It is in times like these that one sees political veterans penning memoirs, fulfilling a vital need for the hitherto unknown.
At 81, Yashwant Sinha has seen it all. He had a worm’s eye view of Indian bureaucracy for almost a quarter of a century and both a ringsider’s viewpoint as well as participant’s perspective of the hurly-burly world of politics. He was member of both Houses of Parliament besides also serving for a short period in the 1990s as Bihar state Assembly member. Sinha held crucial portfolios of finance and foreign affairs during very important periods in Indian and global politics and inhabited diverse political camps which at times made common cause and on other occasions were at one another’s throat. Like most political leaders in India, the last phase of his political voyage has been in the wilderness as the party where he spent a quarter of a century found him of little use and was left “no role in the party. I had no connection with the people in the government either”.
It is in times like these that one sees political veterans penning memoirs, fulfilling a vital need for the hitherto unknown. Insofar as Sinha, the political leader, is concerned, the interest in him is chiefly due to the following episodes or phases in his political career: The beginning — when he sought voluntary retirement from the Indian Administrative Service and joined the Janata Party; the first “real” recognition when he was appointed finance minister (with cabinet rank) by Chandra Shekhar — V.P. Singh who had been the previous Prime Minister offered him a MoS rank which Sinha turned down; his decision in 1993 to join the Bharatiya Janata Party barely months after criticising the party for its role in the demolition of the Babri Masjid; becoming finance minister once again in 1998 — an appointment which enabled him to present several budgets and join the hallowed group of Indian finance ministers to present five or more Union budgets; his tenure as foreign minister from July 2002 till 2004 when the BJP and himself were defeated in elections; the advent of Prime Minister Narendra Modi at the BJP’s helm and finally Sinha's exit from the party in 2018 after having held the placard of “rebel leader” since 2016 when he joined an unlikely citizens' group to explore political dialogue in Jammu and Kashmir.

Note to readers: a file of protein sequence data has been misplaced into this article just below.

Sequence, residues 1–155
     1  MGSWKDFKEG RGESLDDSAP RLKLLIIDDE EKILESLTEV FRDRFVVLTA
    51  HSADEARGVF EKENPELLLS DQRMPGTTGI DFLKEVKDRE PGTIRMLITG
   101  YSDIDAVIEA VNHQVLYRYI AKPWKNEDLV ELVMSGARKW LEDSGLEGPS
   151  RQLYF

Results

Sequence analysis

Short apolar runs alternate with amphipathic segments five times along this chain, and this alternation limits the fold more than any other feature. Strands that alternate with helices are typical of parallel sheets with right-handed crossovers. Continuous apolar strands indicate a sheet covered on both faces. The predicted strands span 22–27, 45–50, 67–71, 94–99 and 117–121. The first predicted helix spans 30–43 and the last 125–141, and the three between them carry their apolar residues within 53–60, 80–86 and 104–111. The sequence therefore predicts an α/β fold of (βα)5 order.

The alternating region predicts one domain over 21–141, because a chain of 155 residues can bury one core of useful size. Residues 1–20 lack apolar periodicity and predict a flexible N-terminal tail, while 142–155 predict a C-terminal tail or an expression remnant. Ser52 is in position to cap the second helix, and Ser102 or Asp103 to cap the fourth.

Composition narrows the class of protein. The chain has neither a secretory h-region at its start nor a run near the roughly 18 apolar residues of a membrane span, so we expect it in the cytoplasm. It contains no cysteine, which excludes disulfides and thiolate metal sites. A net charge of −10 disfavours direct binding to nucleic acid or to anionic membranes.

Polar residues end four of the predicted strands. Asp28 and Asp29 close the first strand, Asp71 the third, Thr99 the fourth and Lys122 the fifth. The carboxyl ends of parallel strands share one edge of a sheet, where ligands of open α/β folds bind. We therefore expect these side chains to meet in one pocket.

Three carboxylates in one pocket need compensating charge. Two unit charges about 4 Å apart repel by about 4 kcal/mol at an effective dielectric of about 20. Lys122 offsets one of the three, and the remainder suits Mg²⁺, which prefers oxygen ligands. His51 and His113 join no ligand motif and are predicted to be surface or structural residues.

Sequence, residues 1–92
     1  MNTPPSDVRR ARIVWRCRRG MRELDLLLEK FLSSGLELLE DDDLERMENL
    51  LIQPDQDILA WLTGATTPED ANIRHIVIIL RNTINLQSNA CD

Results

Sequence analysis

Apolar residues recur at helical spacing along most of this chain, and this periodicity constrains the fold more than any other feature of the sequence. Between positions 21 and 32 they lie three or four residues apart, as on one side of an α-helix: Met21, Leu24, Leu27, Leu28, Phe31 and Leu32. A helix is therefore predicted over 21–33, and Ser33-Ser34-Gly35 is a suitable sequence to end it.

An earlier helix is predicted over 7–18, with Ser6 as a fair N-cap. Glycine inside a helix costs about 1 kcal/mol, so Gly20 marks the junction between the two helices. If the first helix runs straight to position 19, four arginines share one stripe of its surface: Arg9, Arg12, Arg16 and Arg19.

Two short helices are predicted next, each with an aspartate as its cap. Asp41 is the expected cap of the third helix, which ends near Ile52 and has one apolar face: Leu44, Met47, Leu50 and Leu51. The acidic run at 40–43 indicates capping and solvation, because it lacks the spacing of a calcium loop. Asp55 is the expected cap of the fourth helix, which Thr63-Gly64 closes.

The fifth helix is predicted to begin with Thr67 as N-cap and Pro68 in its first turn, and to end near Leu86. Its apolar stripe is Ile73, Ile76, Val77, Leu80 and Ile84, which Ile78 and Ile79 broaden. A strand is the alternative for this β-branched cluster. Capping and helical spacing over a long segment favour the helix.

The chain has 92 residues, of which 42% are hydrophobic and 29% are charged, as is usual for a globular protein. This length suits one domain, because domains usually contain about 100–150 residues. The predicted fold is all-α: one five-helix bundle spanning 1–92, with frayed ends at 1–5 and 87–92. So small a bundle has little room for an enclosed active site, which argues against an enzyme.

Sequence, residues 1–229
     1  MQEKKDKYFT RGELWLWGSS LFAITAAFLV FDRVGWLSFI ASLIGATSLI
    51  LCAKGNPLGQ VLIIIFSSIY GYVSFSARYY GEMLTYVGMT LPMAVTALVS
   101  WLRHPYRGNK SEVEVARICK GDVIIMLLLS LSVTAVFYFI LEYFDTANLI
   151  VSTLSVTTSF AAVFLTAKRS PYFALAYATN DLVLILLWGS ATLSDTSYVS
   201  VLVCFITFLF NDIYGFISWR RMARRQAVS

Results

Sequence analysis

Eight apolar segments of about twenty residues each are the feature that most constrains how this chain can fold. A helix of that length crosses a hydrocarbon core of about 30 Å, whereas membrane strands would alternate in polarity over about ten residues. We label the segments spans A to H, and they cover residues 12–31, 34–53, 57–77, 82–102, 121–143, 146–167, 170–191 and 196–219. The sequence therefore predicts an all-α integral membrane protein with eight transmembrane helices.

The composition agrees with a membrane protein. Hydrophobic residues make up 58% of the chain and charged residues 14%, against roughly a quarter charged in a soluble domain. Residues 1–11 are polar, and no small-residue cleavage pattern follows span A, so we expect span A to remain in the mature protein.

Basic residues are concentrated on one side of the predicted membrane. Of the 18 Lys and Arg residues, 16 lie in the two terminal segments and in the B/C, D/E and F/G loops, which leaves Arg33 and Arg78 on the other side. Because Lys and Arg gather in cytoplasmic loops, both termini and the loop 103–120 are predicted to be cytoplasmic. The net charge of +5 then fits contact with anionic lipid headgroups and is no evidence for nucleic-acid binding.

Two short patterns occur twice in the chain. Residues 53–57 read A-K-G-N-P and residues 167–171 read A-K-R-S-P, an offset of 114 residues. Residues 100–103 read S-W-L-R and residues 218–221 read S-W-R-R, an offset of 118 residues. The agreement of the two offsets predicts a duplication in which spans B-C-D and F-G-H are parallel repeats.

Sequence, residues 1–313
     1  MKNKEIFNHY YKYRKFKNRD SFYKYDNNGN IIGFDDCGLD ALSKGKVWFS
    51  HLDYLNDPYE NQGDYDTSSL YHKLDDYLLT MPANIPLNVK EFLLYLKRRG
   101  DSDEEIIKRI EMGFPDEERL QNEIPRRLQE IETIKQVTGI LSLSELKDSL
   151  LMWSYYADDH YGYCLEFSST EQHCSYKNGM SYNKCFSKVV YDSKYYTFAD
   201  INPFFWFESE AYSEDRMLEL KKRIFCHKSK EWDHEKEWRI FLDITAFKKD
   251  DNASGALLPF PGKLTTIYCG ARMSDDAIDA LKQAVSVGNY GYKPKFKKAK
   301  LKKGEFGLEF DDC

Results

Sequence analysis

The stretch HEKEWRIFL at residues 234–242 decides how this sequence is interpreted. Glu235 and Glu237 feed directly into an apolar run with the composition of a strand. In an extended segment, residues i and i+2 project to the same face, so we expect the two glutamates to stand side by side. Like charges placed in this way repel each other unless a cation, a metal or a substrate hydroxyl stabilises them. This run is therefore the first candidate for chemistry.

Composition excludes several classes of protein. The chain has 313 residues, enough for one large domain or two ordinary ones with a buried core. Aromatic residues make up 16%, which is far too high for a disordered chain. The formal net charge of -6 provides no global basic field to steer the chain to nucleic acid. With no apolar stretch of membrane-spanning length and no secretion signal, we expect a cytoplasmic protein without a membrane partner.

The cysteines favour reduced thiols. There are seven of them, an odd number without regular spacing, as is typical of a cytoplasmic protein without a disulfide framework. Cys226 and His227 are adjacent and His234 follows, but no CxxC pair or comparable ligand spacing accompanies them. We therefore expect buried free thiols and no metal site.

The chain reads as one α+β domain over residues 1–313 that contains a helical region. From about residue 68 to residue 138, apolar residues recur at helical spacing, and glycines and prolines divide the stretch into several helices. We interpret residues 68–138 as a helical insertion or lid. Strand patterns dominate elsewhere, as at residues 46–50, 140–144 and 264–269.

This is not a tell-all autobiography and Sinha has been kind to most people he rubbed shoulders with. One could have expected him to shed bureaucratic reticence and be more revelatory, especially on the most contentious decisions during his tenure as Union finance minister — in 1990 as finance minister when the perilous balance of payment crisis forced India to pledge its gold reserves, a decision “I could have done without... but that would have been highly irresponsible”. Sinha may have considered including what little “revelations”, made in his 2007 book — Confessions of a Swadeshi Reformer. But certainly, not much has been missed because in his previous book, Sinha provided only a sketchy account of the process of how 20 tonnes of confiscated gold was mortgaged.
Like in the previous book, Sinha once again mentioned his being the “second choice” finance minister in 1998 or how he was asked in 1999 to be the minister once again but this time in a truncated finance ministry. But there are insights into a certain moral and political hollowness in the character of Chandra Shekhar, the man who inducted Sinha into the Janata Party. There is also a significant hint regarding the infamous Kandahar exchange personally led by Jaswant Singh in December 1999. Sinha writes that after the Cabinet Committee on Security decided to “exchange hostages for a few terrorists” the issue of Singh “going to Kandahar with terrorists to personally hand them to the Taliban” was “not discussed in the CCS; it was announced by Jaswant Singh himself as he entered the meeting room along with the Prime Minister as he generally did [sic]. Those present received it in complete silence; everyone assuming that he was doing so with the approval of the Prime Minister. But today is another day...”
Sinha also writes that his “problems with the Sangh Parivar increased when I became finance minister. In fact, senior Sangh functionaries would often approach me to help someone close to them”. On his part he tried to assist if the “work was doable but, more often than not, I had to disappoint them”. This obviously had them gunning for him.
Sinha’s severe troubles within BJP began after the 2009 elections which he won from Hazaribagh although the party plummeted to a performance worse than 1991. This was the time when pressure mounted on L.K. Advani to step aside from leadership, Nitin Gadkari became party president and more importantly, the rise of Narendra Modi. Sinha was done in by his “ambivalence” regarding the then Gujarat chief minister's emergence as prime ministerial candidate of the party, a fact that sealed his fate. Their differences dated back to 2003 when Sinha as foreign minister delayed, with valid reason, Mr Modi’s travel to the United Kingdom. It’s often said of Mr Modi that he neither forgives, not forgets. Sinha possibly learnt it the hard way.
The writer is a Delhi-based journalist and author. His latest book is RSS: Icons Of The Indian Right.